Comfortdriver

Rear versus front wheel drive

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The tail happy character of 911 made it endearing to many hardcore drivers who would use that very nature to its maximum advantage. Now Porsche has to market the 911 to a broader public and therefore sadly' date=' they made it neutral. The Mitsubishi 3000GT VR4 is another fine example of AWD, this time with all wheel steering as well. Since its able to put almost all of its 320 twin turbo bhp on tarmac, the acceleration is just simply neck straining.

Innova is no van, its actually an elongated station wagon and yes, it handles better than Civic if you know how to use the oversteer.

About AWD, in early 90s, Walter Rohrl the German rally driver decimated the competition with AWD Audi Quattro Turbo in the SCCA races, no big block US V8s could catch him. The AWD could be tossed with abandon that no 2WD would allow, most of the time Rohrl would be throwing the car off the tarmac in the corners and his AWD would allow him to recover with far more cornering speed. Needless to say after that domination, AWD was banned from that category. Also don't forget Porsche's ultimate offering in the 959, it was a showcase of AWD tech, only prohibitive costs kept that vehicle out of production. The Nissan Skyline GTR is another prime example of AWD done right.[/quote']

I wouldn't call an old 911 "tail-happy." How many people can catch a slide in one of those? And the R32s through R34s sent upto 40% torque to the front wheels on detection of slippage - under normal conditions, it was 100% rear. Aussie V8s couldn't catch them, either, so they got banned smiley36.gif

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The Audi 2.7TDI which is a front wheel drive car claims that it has a 50:50 weight distribution. How did they manage this if this claim is correct and will the concerns of a front wheel drive be addressed in this car due to the equal weight distribution?

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Weight distribution can be achieved by power train placement, that wouldn't eliminate understeer due to the very physics of FWD but suffice to say, it will have less understeer as compared to other FWD.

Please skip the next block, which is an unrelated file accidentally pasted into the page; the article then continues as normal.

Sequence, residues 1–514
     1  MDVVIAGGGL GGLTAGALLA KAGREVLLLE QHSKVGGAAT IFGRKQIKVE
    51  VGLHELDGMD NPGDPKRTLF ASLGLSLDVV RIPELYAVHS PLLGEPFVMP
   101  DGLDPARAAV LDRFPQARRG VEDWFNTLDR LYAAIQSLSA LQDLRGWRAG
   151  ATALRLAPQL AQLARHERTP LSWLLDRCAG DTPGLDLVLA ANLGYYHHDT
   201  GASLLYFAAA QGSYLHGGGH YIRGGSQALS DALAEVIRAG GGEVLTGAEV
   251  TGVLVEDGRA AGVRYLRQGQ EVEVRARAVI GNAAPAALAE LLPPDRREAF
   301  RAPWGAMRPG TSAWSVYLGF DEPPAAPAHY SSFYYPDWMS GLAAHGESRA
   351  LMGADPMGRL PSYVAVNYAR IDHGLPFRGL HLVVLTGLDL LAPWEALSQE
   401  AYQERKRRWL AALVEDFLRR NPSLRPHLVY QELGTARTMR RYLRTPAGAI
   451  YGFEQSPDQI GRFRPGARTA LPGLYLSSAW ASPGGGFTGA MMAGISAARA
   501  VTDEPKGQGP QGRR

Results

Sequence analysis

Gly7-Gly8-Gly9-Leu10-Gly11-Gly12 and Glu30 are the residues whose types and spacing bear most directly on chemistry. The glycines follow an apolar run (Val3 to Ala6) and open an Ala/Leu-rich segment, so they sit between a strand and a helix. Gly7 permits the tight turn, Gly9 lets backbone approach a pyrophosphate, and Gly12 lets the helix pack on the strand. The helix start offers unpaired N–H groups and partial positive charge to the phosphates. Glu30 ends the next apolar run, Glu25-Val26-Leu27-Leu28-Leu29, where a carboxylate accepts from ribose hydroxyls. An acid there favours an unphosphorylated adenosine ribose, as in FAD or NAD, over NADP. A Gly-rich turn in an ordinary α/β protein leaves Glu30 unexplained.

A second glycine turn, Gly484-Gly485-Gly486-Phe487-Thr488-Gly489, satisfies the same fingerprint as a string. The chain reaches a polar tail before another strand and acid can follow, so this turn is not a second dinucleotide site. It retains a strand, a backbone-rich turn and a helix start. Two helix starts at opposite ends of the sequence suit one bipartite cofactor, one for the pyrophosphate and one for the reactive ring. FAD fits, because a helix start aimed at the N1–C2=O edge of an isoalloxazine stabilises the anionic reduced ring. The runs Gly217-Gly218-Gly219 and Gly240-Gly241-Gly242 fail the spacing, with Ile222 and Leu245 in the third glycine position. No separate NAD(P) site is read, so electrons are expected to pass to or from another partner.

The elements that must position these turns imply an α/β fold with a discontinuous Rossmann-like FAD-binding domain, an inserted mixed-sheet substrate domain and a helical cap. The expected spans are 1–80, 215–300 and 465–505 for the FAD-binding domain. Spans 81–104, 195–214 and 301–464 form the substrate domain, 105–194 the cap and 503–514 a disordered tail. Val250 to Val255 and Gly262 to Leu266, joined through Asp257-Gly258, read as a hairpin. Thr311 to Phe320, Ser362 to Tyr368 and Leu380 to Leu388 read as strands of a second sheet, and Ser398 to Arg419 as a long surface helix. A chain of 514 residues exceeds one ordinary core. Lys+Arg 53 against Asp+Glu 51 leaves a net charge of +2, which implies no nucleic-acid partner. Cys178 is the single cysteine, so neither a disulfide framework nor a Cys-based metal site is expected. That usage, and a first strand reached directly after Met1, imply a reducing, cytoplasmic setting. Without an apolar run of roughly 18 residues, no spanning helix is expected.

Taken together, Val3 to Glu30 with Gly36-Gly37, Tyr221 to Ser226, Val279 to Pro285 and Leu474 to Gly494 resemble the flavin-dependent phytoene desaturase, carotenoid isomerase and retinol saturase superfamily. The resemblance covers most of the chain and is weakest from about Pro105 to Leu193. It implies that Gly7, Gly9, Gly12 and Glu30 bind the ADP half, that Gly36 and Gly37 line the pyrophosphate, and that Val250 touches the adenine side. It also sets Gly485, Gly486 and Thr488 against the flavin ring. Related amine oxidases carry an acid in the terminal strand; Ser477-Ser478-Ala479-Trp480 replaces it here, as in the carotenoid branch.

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The Audi 2.7TDI which is a front wheel drive car claims that it has a 50:50 weight distribution. How did they manage this if this claim is correct and will the concerns of a front wheel drive be addressed in this car due to the equal weight distribution?

Can you post the url for this so that I can check out the details. I suspect the engine may be longitudinal (to accommodate the AWD or quattro version), also the front wheels are far more tot he front in Audi's than in most others.

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The Audi 2.7TDI which is a front wheel drive car claims that it has a 50:50 weight distribution. How did they manage this if this claim is correct and will the concerns of a front wheel drive be addressed in this car due to the equal weight distribution?


Can you post the url for this so that I can check out the details. I suspect the engine may be longitudinal (to accommodate the AWD or quattro version)' date=' also the front wheels are far more tot he front in Audi's than in most others.
[/quote']

 

Here are some links about the car...

 

 

 

Thanks

 

Regards

 

 

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I think I get some ideas from the URLs. The engine is  longitudinally mounted as suspected. It is of a compact design 83mm bore, 90mm cylinder pitch (i.e. only 7mm between cylinders incl. wall thickness) in a V6 configuration. Thus it is located behind the drive wheels. Also, the 50:50 may distribution be for the quattro version. 

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I remember a TV advt by VW I think which showed the purported benefits of a front wheel drive to a rear wheel drive with a help of a match box.

The match box with the inner compartment slightly open, first being pushed by the finger from the rear which lead to the turn being a washed out, and then the finger moving the matchbox by draging it from the front, leading to better car control on turns.

the Advt was so effective that it I still can vividly remember it.

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I have a lingering doubt:  Sedans like Maruti Suzuki SX4 and Fiat Linea are front-wheel driven, yet they have hump running from gear box to the rear section, though the hump was more awkward in case of the former and less in case of the latter.  When I asked the sales executives during TD of these vehicles recently, they said it was to accomodate the drive shaft.  When I asked why drive shaft is required in a front-wheel driven vehicle, they did not know the answer and neither I.  Kindly enlighten me.

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I have a lingering doubt:  Sedans like Maruti Suzuki SX4 and Fiat Linea are front-wheel driven' date=' yet they have hump running from gear box to the rear section, though the hump was more awkward in case of the former and less in case of the latter.  When I asked the sales executives during TD of these vehicles recently, they said it was to accomodate the drive shaft.  When I asked why drive shaft is required in a front-wheel driven vehicle, they did not know the answer and neither I.  Kindly enlighten me.[/quote']

 

t is to accomodate your silencer pipe and its accesories.

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RWD is usually needed or employed in cars which are heavy enough to propel as by their stock engines.

2ndly in those cars whose engines produce much much more power which if given to FWD causes frequent burn-outs.

Examples being the Nano & BMW respectively.

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